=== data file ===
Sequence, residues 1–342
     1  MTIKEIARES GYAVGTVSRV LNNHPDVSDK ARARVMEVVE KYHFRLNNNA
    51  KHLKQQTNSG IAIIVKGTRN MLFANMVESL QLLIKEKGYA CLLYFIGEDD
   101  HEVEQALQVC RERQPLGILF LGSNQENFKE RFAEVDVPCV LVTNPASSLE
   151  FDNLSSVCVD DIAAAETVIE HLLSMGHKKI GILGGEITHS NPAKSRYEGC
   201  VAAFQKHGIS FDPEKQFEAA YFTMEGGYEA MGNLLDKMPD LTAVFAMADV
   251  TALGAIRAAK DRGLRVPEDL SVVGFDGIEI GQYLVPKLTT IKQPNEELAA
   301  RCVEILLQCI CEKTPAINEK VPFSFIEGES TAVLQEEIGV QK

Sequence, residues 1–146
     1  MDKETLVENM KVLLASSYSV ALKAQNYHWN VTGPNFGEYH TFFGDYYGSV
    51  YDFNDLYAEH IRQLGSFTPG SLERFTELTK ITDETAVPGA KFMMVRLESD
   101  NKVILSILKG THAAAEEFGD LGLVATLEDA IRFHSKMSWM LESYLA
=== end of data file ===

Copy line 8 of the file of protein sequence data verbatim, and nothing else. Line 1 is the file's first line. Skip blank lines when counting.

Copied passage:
   301  RCVEILLQCI CEKTPAINEK VPFSFIEGES TAVLQEEIGV QK